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  #15  
Old 08-27-2008, 02:37 PM
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webwalker webwalker is offline
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Perhaps I didn't tell the whole story with Microsoft and I: I USED to be (long ago in a galaxy far far away...called Seattle) an employee of the mighty M. I was tier 2 phone support for the Windows 95 rollout. But after that gig I went 100% UNIX and only find myself reluctantly forced back in to the fold by the need to support hardware that is being built for Windows XP/Vista.

Regarding codecs: Its nice to hear that the system will 'just work' if you stay away from loading the OS up with codec packs. At least, that's what I THINK I hear.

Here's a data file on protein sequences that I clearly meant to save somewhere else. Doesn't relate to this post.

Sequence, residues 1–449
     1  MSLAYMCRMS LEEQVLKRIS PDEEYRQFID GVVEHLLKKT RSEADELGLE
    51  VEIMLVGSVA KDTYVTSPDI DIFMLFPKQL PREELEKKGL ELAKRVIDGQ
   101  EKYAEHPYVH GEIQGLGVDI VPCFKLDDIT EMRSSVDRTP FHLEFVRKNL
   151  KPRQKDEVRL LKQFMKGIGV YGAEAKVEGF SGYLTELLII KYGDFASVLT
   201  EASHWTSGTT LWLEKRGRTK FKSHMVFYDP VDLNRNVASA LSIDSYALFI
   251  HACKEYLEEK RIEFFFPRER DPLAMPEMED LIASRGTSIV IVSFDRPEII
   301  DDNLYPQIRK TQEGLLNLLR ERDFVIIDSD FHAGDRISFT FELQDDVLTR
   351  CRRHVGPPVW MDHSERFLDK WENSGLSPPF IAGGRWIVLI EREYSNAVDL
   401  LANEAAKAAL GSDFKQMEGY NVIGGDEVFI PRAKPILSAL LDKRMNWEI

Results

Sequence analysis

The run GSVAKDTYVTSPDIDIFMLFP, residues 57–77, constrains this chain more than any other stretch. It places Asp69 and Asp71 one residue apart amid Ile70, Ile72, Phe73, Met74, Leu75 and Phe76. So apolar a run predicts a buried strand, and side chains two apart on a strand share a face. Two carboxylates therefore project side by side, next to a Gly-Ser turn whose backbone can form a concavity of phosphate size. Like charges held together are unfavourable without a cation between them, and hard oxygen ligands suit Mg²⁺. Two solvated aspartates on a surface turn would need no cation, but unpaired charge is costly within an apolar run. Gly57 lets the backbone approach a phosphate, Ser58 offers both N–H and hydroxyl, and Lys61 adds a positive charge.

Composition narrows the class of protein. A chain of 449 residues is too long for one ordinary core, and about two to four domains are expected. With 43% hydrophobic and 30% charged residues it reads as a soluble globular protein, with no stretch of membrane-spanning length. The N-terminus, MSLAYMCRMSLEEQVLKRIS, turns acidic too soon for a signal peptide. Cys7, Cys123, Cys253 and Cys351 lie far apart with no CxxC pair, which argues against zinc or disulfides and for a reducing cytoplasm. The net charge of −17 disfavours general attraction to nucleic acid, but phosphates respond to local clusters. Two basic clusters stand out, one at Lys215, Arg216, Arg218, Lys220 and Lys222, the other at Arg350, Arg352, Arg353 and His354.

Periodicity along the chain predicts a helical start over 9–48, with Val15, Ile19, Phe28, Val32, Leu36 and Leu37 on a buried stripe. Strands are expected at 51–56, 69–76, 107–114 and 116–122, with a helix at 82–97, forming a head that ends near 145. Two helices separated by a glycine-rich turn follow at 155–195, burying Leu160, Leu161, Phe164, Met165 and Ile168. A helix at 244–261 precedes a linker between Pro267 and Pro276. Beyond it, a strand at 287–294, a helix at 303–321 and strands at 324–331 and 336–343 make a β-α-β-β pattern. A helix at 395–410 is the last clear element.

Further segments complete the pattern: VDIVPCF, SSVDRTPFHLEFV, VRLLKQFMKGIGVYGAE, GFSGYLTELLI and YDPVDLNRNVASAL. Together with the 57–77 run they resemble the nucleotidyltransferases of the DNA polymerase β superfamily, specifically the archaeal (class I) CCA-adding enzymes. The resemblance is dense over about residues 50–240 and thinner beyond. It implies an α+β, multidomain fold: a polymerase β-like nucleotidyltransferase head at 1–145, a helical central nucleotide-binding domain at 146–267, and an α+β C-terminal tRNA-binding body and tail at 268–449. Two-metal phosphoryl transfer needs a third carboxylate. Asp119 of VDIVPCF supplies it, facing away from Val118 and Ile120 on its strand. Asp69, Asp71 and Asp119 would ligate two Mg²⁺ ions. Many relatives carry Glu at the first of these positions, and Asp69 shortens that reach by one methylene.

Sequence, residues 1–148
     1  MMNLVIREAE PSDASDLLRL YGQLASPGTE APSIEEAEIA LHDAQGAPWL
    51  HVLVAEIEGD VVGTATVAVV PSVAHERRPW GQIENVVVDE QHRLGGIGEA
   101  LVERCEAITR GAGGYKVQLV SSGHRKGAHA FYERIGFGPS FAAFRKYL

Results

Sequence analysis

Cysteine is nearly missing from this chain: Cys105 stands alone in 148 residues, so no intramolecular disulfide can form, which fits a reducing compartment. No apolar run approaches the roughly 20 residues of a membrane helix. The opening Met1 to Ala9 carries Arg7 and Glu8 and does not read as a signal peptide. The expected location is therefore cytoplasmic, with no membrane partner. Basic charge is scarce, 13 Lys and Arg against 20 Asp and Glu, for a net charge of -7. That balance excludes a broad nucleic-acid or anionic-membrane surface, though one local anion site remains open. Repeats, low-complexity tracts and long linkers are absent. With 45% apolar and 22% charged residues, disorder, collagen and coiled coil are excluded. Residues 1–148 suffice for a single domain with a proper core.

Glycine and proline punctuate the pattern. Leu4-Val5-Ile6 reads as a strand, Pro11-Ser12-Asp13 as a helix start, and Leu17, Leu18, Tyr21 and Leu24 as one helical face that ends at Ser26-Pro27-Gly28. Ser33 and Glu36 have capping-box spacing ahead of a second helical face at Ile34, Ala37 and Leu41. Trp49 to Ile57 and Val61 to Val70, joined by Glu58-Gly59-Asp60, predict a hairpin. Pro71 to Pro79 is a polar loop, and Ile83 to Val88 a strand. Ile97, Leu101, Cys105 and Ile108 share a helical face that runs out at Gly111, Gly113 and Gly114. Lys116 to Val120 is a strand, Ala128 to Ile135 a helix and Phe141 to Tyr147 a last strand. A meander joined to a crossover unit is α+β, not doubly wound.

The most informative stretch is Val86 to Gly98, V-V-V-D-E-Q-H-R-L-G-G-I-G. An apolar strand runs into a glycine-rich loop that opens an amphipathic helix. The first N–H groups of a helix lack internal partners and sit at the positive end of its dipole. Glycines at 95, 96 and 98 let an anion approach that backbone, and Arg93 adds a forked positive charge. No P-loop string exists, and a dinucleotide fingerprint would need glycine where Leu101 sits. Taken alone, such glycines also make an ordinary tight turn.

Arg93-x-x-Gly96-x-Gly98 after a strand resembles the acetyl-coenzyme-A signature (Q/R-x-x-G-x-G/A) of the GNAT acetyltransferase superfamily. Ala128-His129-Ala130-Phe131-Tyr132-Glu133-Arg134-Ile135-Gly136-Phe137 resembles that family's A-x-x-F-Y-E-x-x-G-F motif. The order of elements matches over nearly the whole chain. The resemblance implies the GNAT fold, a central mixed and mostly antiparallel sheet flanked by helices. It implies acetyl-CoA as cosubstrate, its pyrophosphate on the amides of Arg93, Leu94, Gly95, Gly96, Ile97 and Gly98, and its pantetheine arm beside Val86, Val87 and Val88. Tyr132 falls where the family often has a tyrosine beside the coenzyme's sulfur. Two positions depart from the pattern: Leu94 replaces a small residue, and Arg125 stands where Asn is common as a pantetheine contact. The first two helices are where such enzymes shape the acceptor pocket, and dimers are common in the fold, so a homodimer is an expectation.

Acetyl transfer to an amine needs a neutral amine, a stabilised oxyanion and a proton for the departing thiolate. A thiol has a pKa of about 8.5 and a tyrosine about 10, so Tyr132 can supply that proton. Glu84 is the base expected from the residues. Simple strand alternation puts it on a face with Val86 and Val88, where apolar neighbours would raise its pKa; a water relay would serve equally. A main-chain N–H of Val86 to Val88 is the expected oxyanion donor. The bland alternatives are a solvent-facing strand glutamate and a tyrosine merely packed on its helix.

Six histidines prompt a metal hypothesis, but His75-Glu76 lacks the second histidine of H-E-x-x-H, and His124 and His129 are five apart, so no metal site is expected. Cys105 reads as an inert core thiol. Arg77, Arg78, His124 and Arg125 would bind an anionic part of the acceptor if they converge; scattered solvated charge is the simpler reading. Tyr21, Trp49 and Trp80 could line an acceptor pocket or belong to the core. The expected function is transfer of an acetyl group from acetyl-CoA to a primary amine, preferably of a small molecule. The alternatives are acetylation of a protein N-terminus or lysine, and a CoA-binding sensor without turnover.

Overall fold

So I'm going to start right now by documenting my installation so far:

Previously described hardware was installed with Win XP Pro and immediately updated to SP3.
Nvidia WHQL Certified driver 175.19 was loaded.
SWAP file was sized to 2048mb, (min+max, so windows doesn't waste cycles managing its size to save disk when I don't need the disk saved.)
Restore Point was disabled.
Visual properties were set to 'best performance.' Which means XP turned off all the bling.
Finally, the abit drivers were loaded for the multiplicity of SATA controllers on board, as well as the Intel chipset drivers and updated NIC drivers.

That's as far as I got last night. Tomorrow night, I'll install NVidia PureVideo Bronze (I"m taking the sound out the optical port, so I don't need to pass it over the DVI) and SAGE and then the real performance testing will start.